I thought of you last night as I listened to the wind rumbling round our house. Glad to know you didn't get the severe gales which were forecast. I don't think our garden can soak up much more rain - it has been raining most of today. I read Joan's beautiful poem and thought it was almost as if she had had a premonition. She has left us a lovely gift.

Reader Wil said...

It's so sad if someone of the blogger family dies. A few years ago we lost one of our blogging friends on another blog( efx2). It was a very sad experience.
So you had a lot of rain too. So had we this morning. I went to choir practice but I had hardly left the street then I was wet through in spite of my cape.

Jenn Jilks said...

England did make the news. Good you escaped. I thought of you right away!

Crafty Green Poet said...

Lovely descriptions, specially of the rich bird sightings on the bird table...

Titus said...

Beautiful post Weaver, thank you. We didn't get the winds either, but we sure got the rain. Just about to embark on the Christmas baking.

Elisabeth said...

Thanks Weaver. You've brought sadness and a certain sense of the poignancy of life and death into my Sunday morning world and I'm grateful, not only for your introduction to Joan's last poem through TFE but also for your beautiful description of winter in your neck of the woods.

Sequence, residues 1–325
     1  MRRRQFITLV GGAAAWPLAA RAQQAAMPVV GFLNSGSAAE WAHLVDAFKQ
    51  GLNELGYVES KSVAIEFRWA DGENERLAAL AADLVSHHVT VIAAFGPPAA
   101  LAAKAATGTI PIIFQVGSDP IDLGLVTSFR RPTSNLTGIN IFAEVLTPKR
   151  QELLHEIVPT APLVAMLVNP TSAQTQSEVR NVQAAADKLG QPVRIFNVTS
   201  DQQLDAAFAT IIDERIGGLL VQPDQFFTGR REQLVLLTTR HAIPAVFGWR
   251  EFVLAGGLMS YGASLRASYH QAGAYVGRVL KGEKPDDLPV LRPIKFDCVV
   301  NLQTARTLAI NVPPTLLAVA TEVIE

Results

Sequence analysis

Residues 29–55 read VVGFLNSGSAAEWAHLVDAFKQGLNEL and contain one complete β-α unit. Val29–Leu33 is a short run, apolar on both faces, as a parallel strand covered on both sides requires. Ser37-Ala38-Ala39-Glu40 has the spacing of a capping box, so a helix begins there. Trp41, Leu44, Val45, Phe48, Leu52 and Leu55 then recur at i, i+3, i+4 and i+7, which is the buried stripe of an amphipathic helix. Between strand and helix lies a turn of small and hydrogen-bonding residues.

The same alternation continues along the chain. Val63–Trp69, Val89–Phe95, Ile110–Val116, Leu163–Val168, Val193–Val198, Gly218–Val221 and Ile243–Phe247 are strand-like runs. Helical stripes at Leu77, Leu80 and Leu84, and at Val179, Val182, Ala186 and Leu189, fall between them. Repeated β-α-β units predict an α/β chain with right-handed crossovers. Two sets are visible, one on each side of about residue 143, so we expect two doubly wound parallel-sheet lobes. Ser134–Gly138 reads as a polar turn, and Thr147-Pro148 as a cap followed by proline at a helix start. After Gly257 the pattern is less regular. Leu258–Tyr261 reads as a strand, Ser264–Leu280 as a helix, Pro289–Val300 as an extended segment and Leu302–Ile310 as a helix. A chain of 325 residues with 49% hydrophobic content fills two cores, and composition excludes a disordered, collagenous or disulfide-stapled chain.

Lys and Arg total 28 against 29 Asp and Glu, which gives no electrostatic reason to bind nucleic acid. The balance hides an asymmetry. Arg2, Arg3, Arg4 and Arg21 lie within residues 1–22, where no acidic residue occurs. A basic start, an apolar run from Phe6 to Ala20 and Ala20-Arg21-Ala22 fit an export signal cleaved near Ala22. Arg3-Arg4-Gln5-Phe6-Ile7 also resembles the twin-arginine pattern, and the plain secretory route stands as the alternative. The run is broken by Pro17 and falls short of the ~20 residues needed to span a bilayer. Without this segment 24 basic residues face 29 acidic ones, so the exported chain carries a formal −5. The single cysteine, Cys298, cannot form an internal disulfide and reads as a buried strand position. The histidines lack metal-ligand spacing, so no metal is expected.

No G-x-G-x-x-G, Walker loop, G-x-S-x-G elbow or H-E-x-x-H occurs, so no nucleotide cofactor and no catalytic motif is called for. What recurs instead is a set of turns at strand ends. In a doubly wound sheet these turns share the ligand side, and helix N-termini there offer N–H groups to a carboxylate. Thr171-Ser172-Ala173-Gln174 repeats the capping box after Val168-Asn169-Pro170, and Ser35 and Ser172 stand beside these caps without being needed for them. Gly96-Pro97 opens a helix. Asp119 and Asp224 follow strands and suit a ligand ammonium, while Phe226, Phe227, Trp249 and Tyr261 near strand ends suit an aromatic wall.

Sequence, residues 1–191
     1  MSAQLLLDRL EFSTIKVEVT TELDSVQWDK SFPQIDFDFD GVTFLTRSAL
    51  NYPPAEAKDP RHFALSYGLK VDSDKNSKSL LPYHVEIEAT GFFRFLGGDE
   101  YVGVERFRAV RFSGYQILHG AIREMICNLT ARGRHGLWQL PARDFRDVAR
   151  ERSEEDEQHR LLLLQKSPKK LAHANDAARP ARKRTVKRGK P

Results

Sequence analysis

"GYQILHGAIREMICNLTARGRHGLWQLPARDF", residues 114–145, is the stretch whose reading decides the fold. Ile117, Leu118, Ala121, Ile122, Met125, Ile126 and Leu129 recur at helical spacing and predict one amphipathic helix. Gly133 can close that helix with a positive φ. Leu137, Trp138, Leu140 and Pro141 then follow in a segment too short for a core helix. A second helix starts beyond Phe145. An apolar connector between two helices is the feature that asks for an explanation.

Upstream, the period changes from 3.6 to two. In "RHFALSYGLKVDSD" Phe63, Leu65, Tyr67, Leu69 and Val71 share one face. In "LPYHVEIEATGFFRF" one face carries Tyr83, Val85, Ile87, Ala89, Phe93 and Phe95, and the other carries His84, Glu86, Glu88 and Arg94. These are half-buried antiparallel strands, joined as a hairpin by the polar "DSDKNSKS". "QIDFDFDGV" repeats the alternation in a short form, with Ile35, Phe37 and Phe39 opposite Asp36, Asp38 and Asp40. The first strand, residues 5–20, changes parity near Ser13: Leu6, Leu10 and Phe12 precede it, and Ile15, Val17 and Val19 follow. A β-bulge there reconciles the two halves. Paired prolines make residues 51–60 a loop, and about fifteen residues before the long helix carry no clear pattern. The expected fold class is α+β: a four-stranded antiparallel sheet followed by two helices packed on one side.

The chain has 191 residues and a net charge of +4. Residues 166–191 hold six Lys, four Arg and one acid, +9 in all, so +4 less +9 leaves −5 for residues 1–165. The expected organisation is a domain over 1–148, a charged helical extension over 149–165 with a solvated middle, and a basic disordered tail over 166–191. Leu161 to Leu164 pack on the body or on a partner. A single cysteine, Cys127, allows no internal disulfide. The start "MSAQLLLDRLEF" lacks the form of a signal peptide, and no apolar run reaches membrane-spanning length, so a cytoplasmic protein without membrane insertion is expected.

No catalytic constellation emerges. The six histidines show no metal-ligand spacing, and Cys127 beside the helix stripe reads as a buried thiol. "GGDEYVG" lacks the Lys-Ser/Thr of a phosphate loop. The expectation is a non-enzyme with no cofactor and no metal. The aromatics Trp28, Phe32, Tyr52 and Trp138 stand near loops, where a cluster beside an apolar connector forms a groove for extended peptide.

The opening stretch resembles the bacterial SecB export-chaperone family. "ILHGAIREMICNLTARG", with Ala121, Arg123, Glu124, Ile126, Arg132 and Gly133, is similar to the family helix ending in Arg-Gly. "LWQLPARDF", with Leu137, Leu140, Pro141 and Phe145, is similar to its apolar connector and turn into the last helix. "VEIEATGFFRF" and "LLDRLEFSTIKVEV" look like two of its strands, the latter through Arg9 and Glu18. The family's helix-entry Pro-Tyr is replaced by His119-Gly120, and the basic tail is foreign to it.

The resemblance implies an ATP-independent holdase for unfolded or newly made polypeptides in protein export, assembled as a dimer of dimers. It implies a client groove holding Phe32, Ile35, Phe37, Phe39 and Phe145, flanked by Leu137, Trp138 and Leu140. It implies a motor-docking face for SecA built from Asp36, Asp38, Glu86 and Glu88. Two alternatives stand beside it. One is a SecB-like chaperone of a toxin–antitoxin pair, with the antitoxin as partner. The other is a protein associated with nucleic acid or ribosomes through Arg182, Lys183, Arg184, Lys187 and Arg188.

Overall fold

It is a matter of life and death, the lot of us all and it helps to share the joys and the sorrow.

Cloudia said...

Thank you - going over to read the poem.


Aloha, Friend!


Comfort Spiral

The Weaver of Grass said...

I am glad that some of you went over to TFE to read that superb poem of Joan's and maybe even went over to her blog to leave your sympathy with her family.
Thank you for the comments her - it seems we were lucky indeed to miss the rain.
This morning is a lovely sunny morning with a slight mist and quite warm. Tomorrow will rain again!

Dave King said...

Beautifully written. Such sad news of Joan. Life mixes the extremes. Thanks for a fine post.

Totalfeckineejit said...

Nice, just nice, Weaver.And Winter has us now in it's grip, we will enjoy it while we can and endure it when we must, in the hope of singing and seeing, another sprintime.